INTRODUCTION: This study examines the association between 40 occupational groups and prevalence and incidence of metabolic syndrome (MetS), separately for male and female workers, and whether age and health behaviors can explain the association.
RESEARCH DESIGN AND METHODS: Data from 74 857 Lifelines Cohort and Biobank Study participants were used to regress occupational group membership, coded by Statistics Netherlands, on the prevalence and incidence of MetS using logistic and Cox regression analyses. MetS diagnosis was based on physical examinations, blood analysis, and recorded medication use. Information on age, smoking status, physical activity, diet and alcohol consumption was acquired using questionnaires.
RESULTS: Baseline MetS prevalence was 17.5% for males and 10.6% for females. During a median 3.8 years of follow-up, MetS incidence was 7.8% for males and 13.2% for females. One occupational group was associated with an increased MetS risk in both sexes. Six additional occupational groups had an increased risk for MetS among men, four among women. Highest risks were found for male 'stationary plant and machine operators' (HR: 1.94; 95% CI 1.26 to 3.00) and female 'food preparation assistants' (HR: 1.80; 95% CI 1.01 to 3.22).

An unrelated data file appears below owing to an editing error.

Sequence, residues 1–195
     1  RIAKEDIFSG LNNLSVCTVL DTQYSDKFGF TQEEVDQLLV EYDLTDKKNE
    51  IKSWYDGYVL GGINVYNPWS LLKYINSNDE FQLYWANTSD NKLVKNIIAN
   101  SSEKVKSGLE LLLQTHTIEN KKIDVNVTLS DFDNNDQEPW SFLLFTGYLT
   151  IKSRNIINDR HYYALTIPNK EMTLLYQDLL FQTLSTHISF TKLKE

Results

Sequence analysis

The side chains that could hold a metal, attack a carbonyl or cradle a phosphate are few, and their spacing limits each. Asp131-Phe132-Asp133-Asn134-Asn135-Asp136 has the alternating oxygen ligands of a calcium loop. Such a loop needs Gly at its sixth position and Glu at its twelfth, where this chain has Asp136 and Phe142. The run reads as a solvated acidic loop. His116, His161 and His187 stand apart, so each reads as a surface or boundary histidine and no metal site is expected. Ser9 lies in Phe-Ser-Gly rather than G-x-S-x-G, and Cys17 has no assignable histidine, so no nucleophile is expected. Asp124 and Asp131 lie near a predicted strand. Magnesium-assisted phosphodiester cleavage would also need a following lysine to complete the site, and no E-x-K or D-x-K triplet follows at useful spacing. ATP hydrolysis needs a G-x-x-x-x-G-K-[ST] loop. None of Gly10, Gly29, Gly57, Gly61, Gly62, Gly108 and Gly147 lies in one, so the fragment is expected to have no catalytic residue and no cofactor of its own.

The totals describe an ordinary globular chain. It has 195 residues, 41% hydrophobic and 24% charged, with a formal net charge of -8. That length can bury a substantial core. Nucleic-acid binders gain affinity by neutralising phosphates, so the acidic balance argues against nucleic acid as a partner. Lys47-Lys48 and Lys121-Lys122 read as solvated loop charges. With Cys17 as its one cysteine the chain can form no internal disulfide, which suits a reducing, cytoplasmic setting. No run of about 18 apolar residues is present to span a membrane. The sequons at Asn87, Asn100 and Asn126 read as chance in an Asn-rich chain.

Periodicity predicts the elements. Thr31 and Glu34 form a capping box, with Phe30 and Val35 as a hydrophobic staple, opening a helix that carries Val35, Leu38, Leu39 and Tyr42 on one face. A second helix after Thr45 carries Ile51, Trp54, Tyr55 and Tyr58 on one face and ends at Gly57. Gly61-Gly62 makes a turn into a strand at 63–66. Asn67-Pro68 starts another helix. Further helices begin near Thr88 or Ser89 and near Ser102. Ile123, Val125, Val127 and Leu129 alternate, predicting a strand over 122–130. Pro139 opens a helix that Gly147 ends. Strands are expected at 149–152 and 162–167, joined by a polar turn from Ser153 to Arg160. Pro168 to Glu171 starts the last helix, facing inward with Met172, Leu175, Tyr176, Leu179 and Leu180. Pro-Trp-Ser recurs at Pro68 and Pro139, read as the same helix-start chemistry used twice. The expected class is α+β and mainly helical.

CONCLUSIONS: Findings suggest that occupational group matters for men and women in MetS development, and that differences in MetS prevalence across occupations are not merely a reflection of selection of metabolically unhealthy workers into specific occupations. The striking sex differences in the occupational distribution of MetS indicate that preventive measures should, with some exceptions, target men and women separately.
- public health
- metabolic syndrome
- occupational health
- US WORKERS